The Acoustiguide storage racks recharge the batteries and include a programming card that is about the size of a credit card. The programs can be written either by the client or by Acoustiguide, which can provide creative and production services. The programs are downloaded from the Internet or from CDs onto a laptop computer. As new material is written, recorded, and digitized, it is put on the program card, which automatically updates the players as they are being charged.
The visitor is given a player to operate the system. A staff member sets up the player for the language and the complexity of the tour. The tour could be long or abbreviated to control traffic when the museum is crowded or can be set up for adults or children. The visitor can adjust volume at each area to compensate for noise level. When the visitor is at an exhibit, he or she punches in the number corresponding to the exhibit as shown on a placard. The visitor can then pause the program, rewind it, or fast-forward it.
WEIGHING THE OPTIONS
Another system is made by Tour-Mate. Its SC500 Listening Wand is 13.0 inches long, 1.8 inches wide, and 1.0 inch deep and weighs 8 ounces. A carrying strap is attached inside the wand for added strength so that it cannot be unclipped by the user. The system is powered by a rechargeable nickel hydride battery pack that delivers ten hours of continuous play from a full charge. It can be recharged in three to four hours.
The maximum capacity of the system is 24 hours of mono sound or 12 hours of stereo sound. The message can be expanded on-site. The wand can store several tours and versions of the tour. The software permits a staff member to type in a code that locks out all tours but the desired one. A keystroke permits one to see what version of the tour has been selected.
The Tour-Mate Editing Capability software is Windows compatible and runs on a PC platform using a Pentium processor. The editing software permits the user to input tour messages or message segments and to perform such functions as cut, paste, parametric equalization, normalization, variable gain, variable compression, insert message queues, and program message sequences.
MyGuide by Espro is a system much like the previous two. It uses a wand that has the tour narration downloaded from the storage rack/power supply recorded through a flash memory card. This system runs for ten hours between charging and can have up to four hours of audio capacity. The bandwidth is between 300 Hz and 4 kHz, so it is particularly useful for voice only.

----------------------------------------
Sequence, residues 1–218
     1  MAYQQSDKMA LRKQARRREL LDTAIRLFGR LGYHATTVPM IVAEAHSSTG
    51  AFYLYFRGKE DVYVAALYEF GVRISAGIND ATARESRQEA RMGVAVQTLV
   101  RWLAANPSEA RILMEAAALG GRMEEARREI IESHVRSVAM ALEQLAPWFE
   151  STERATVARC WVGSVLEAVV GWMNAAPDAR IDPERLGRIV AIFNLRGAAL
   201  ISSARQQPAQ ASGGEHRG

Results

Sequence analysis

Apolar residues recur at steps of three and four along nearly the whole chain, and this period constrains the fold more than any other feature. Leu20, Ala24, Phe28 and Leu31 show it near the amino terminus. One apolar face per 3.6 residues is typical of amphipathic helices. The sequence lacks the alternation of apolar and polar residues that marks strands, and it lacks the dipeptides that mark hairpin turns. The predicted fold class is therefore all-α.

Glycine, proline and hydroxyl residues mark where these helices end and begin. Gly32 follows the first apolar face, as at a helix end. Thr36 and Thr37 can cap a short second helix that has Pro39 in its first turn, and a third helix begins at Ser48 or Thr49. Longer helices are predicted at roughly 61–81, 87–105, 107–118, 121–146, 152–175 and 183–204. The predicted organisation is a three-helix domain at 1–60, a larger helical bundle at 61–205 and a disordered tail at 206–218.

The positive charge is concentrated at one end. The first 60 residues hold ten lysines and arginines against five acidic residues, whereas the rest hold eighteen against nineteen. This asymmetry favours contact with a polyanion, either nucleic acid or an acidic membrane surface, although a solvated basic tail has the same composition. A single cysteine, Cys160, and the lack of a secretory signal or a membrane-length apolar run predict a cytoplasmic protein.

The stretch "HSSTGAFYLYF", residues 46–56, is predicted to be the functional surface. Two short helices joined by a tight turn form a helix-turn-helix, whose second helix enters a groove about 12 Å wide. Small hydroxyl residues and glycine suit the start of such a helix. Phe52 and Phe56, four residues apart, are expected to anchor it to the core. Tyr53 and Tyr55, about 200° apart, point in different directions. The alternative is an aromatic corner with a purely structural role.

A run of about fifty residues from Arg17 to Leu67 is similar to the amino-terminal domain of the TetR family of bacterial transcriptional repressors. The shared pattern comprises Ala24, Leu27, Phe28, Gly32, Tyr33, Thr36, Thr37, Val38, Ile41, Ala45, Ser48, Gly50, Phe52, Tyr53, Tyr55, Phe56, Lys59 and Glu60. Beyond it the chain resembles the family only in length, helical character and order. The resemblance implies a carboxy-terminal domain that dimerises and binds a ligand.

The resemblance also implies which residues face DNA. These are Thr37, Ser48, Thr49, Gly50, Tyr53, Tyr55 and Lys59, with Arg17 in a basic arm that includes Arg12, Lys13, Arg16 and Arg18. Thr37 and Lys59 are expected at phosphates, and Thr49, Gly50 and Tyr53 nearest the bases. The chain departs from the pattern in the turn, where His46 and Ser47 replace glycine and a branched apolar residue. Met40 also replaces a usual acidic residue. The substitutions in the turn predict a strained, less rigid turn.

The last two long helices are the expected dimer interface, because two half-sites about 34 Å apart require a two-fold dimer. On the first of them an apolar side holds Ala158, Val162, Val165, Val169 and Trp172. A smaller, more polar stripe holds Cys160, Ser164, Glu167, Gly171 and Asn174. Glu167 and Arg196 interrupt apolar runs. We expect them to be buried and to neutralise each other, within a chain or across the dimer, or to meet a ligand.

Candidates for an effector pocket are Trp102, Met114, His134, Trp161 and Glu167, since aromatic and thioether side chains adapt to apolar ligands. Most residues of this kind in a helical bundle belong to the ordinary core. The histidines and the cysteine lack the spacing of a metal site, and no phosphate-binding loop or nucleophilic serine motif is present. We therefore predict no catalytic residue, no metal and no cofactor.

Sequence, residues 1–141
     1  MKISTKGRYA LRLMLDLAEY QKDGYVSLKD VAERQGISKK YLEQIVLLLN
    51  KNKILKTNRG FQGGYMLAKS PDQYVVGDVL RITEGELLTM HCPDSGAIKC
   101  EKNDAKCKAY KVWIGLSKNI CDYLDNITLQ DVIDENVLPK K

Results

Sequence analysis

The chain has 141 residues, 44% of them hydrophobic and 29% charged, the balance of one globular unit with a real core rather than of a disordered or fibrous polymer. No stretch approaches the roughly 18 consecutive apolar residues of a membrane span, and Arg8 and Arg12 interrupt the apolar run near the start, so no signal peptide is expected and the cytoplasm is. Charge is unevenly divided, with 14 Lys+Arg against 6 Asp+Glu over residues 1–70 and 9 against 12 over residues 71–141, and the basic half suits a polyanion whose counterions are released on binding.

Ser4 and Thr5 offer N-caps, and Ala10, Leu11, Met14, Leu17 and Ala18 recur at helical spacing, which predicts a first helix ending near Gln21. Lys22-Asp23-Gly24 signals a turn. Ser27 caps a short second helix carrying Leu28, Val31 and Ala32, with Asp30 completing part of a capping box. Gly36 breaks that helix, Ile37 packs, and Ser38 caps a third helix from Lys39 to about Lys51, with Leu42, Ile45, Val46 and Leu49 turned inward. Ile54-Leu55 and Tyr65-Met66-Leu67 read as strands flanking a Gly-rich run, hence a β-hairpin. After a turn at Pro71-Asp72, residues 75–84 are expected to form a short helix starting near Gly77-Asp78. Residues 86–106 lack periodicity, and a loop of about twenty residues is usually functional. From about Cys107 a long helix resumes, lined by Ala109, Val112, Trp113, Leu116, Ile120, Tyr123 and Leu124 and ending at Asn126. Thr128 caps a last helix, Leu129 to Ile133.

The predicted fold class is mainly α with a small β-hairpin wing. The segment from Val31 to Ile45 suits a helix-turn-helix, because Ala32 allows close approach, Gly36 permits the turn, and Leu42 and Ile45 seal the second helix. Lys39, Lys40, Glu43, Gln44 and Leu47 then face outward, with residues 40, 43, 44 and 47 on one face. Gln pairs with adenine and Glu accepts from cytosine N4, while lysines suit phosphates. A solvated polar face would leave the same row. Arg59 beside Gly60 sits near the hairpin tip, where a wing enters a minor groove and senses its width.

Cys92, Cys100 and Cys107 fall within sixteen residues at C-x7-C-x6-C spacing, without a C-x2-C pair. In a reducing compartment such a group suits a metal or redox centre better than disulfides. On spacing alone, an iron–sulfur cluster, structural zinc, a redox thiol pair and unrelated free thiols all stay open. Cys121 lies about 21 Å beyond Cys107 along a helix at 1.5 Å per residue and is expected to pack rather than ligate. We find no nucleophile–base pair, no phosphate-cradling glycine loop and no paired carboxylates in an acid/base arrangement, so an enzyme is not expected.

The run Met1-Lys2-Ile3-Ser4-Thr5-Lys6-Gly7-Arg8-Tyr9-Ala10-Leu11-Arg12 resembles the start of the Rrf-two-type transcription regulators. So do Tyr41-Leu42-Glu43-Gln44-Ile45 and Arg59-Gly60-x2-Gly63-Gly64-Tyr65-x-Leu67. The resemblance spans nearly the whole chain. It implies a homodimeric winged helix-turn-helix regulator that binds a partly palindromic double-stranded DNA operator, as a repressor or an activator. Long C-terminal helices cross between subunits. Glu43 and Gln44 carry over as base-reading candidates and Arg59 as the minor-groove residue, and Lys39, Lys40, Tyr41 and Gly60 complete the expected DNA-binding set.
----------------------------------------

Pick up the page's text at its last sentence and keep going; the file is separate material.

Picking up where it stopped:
The ExSite MP3 system by Espro can have as much as 72 hours of multilingual content, uses a wide alphanumeric and graphic LCD, and can be synchronized to external multimedia presentations such as DVD and video. It can also collect and analyze visitor usage data. The system can be used with the unit’s built-in speaker or with plug-in earphones.
Espro’s GroupGuide is a portable system for group tours in which the visitor wears a personal receiver with headphones, and the guide wears a transmitter with microphone. AKG, Sennheiser, and Williams Sound also have tour systems using wireless microphones and wireless receivers.
Sennheiser and other manufacturers make another type of system that uses infrared (IR) transmission. In this system, the message is transmitted through wireless infrared using amplitude and frequency modulation processes. It comes in either narrow band for multichannel setups or wide band for high quality. The area of reception is confined to line-of-sight or an individual room. Through reflections, however, it can bounce around corners into other unwanted areas. Although it can cover large areas effectively, it is limited when it comes to multiple exhibits in a confined area. Another problem with IR is its inability to compete with the sun or very bright areas.
Dual-channel systems normally operate subcarriers of 95 kHz/250 kHz or 2.3 MHz/2.8 MHz. The emitters are placed around the room to give even coverage, and they may be daisy-chained for easy installation. Probably the newest and most sophisticated system is GuidePort by Sennheiser. This system is completely different from the other systems and therefore deserves more time to discuss it.